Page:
For Judgeships in New York City
Published: August 22, 2008
Races for judgeships rarely get the full attention they deserve. But New York City’s courts need the most dedicated and capable jurists. Luckily, there are a few good candidates — and not so luckily some real clunkers — running in New York City’s Sept. 9 primary. Here are our recommendations in three of those matchups.
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SURROGATE’S COURT, MANHATTAN This obscure but unusually powerful court oversees wills, estates and adoptions — and is badly in need of change. The retirement of Renee Roth after 25 years as one of the borough’s two Surrogate’s Court judges is an opportunity to improve the court’s reputation. Ms. Roth will leave behind a legacy of unconscionable delays in deciding cases, imperious behavior and a tendency to use her office to reward cronies and further her personal interests.
Voters need to decide which of the three candidates vying to succeed her — Milton Tingling, John Reddy Jr. and Nora Anderson — has the independence and know-how to work effectively with Manhattan’s second, reform-minded Surrogate’s Court judge, Kristin Booth Glen, to transform the court.
Mr. Tingling, an affable but undistinguished state Supreme Court justice, seems least up to the task. Mr. Reddy, Ms. Roth’s handpicked counsel to the office charged with handling estates of those who die without wills, has an appealing manner and is plainly capable. But his ties to Ms. Roth and tolerance for the old-style, back-scratching culture make us doubt he would be an aggressive agent of change.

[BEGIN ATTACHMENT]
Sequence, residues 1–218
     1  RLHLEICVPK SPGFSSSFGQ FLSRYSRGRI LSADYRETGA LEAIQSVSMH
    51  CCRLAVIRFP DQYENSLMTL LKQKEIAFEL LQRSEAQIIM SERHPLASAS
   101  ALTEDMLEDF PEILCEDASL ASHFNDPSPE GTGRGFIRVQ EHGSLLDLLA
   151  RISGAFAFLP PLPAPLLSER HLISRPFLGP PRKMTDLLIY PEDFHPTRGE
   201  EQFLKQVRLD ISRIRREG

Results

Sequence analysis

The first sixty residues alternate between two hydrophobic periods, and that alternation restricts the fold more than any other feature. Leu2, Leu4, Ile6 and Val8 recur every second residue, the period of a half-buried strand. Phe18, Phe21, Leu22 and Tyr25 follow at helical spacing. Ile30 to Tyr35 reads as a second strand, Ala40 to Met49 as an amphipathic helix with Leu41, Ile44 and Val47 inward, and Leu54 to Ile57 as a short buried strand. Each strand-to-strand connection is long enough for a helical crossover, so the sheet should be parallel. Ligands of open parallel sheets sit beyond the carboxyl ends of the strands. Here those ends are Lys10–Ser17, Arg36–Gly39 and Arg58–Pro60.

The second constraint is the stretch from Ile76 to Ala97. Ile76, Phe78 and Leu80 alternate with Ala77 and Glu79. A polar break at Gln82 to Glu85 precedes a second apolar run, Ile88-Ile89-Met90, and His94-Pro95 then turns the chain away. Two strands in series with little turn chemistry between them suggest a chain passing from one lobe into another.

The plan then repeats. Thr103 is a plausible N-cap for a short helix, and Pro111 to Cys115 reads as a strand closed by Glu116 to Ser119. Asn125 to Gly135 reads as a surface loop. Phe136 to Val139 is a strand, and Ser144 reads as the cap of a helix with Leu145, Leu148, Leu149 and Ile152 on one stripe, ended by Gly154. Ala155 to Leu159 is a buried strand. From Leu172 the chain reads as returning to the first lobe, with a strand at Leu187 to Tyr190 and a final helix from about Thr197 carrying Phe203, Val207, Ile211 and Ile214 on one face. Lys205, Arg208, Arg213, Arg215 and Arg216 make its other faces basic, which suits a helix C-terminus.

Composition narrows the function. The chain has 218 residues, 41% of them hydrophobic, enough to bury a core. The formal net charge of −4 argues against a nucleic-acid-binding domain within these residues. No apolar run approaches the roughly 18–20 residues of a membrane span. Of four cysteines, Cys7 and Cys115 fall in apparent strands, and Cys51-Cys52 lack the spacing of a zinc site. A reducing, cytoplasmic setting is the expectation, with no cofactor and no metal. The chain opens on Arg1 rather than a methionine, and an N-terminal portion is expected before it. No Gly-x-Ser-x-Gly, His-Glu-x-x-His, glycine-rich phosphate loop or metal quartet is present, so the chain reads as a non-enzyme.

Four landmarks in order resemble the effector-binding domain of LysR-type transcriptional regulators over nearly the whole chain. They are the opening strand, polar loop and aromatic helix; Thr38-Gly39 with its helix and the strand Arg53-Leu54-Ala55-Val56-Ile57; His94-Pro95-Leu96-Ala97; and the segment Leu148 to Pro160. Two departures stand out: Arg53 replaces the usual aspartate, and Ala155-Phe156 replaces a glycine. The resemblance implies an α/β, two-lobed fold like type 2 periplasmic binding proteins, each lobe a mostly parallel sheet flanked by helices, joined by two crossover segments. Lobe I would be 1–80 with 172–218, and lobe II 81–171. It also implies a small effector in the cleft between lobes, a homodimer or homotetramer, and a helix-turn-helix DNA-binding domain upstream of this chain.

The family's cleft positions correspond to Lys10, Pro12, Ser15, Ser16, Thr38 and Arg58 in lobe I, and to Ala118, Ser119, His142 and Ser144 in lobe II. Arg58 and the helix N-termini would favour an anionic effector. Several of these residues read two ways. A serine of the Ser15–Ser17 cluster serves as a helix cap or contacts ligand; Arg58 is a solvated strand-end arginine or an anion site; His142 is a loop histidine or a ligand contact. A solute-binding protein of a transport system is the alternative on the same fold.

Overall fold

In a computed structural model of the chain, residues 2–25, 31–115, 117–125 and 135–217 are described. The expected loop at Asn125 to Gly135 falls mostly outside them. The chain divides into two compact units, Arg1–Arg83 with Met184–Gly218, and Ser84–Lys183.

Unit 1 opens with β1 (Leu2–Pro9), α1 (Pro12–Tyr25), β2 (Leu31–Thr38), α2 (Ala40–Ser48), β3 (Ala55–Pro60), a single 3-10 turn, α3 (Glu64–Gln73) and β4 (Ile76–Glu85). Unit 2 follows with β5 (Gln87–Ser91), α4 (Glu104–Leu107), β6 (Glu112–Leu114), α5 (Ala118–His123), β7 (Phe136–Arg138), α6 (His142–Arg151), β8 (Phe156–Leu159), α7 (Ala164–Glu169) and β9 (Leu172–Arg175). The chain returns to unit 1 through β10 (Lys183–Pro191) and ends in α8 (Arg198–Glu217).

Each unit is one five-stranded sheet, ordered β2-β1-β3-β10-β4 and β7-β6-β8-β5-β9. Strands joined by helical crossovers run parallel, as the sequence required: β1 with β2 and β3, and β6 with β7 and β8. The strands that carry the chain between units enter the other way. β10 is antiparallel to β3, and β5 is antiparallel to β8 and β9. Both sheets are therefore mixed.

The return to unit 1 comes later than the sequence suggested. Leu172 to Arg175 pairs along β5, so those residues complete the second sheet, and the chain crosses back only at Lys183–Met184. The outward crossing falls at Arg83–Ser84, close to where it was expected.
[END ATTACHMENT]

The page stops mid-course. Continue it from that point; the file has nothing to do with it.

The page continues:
Our endorsement goes to Nora Anderson, an experienced trust and estates lawyer and former chief clerk in the Surrogate’s Court. Her decision to accept a large campaign loan from a mentor — a prominent trust and estates attorney — gives us pause. But we take seriously her pledge that he will not appear before her and believe, over all, that she offers the best hope of positive reform.
CIVIL COURT, MANHATTAN In this race for a countywide seat, we favor Nancy Bannon over Michael Katz. Both currently serve as law clerks in State Supreme Court. Both are able and committed to making the legal system more accessible for less-wealthy litigants. But Ms. Bannon’s thoughtful manner and depth of legal experience give her the edge.
CIVIL COURT, THE BRONX The standout in this race is Elizabeth Taylor, a well-regarded law clerk to a state Supreme Court justice and founder of the Thurgood Marshall Junior Mock Trial Program, which introduces city high school students to legal advocacy.
She is a much stronger candidate than her competitors: Maria Matos, another law clerk; and Verena Powell, a former assistant district attorney now in private practice. We enthusiastically endorse Ms. Taylor.